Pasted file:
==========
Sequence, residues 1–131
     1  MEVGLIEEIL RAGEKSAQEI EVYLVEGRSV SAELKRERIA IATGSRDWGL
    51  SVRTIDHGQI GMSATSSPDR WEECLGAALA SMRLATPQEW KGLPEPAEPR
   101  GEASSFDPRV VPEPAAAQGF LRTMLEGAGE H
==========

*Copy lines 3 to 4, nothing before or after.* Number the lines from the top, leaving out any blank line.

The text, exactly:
    51  SVRTIDHGQI GMSATSSPDR WEECLGAALA SMRLATPQEW KGLPEPAEPR
   101  GEASSFDPRV VPEPAAAQGF LRTMLEGAGE H